This third volume of a mid-19th-century family saga, set on the banks of the Susquehanna River in Maryland, focuses on a vital addition to a private fleet.
It is 1843, and Benjamin and Sonja Pulaski have won the salvage rights to the schooner Raven, a former slave ship. They have settled in a rented house in Lapidum, facing the canal that runs along the river, just south of the Mason-Dixon Line, separating slave-state Maryland from free-state Pennsylvania. The Raven is a substantial addition to Ben’s fleet of three barges, and the vessel will prove to be a dangerous turning point in the couple’s lives. When the new manager of a bank, at the direction of the villainous Lydia Binterfield, issues the Pulaskis an eviction order, they are forced to move to the nearby town of Havre de Grace. They take up temporary residence in “the Pink House,” run by the irrepressible widow Mamie Stewart. Now that he is the owner of an ocean-worthy ship, Ben can expand his cargo service, leaving the barges for coal runs along the canals and the Chesapeake while he and Sonja use the Raven to convey sugar, rum, and mercantile items to and from the Carolinas. They can also transport rescued slaves and kidnapped blacks to the North. Ben, who had previously hidden a few runaway slaves in his barges, now enters a complicated and treacherous business. Lackey’s (Blood on the Chesapeake, 2016, etc.) series successfully combines nautical adventures with multiple personal dramas while sharply examining the blight of slavery. The novel’s depiction of the increasing hostilities between slave owners and abolitionists serves as a graphic harbinger of the Civil War, still almost two decades away. In contrast to the more violent aspects of the tale is the tender rebuilding of the relationship between Ben and Sonja, each still haunted by traumatic experiences from the earlier volumes. Lackey’s attention to historical details—the process of moving the barges through the canal locks, and the specifics of meals and clothing—deftly brings the era to life. And a few real plot surprises keep the narrative lively.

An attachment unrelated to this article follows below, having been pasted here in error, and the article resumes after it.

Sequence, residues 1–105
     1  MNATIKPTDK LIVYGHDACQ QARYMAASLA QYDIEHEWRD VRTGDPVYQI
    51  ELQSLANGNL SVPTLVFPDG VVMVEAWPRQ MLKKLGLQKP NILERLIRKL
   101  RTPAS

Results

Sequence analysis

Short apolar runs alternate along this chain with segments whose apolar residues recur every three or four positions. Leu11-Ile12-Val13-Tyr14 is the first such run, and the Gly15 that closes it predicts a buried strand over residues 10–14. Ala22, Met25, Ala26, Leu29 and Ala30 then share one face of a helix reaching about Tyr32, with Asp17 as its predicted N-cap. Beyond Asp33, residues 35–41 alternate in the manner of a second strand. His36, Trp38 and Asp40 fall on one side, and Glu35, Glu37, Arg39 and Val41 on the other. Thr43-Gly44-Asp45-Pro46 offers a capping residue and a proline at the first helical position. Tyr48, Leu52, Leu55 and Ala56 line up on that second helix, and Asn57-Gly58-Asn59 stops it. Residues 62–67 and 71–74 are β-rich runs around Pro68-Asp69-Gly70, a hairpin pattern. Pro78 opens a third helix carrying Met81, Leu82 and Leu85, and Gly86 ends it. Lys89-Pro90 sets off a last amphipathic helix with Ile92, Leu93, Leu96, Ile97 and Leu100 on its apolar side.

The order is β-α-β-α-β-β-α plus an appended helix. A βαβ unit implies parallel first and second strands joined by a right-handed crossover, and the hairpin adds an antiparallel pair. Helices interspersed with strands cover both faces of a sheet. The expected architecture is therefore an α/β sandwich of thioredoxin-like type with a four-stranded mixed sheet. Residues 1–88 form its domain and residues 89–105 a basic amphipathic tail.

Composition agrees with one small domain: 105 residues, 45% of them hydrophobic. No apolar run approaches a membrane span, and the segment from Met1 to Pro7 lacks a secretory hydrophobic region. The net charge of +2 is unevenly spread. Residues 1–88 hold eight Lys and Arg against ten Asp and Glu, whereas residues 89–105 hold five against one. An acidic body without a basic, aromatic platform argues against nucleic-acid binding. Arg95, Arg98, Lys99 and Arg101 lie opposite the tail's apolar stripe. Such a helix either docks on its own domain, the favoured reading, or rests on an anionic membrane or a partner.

Engaging action on both land and sea with well-drawn characters.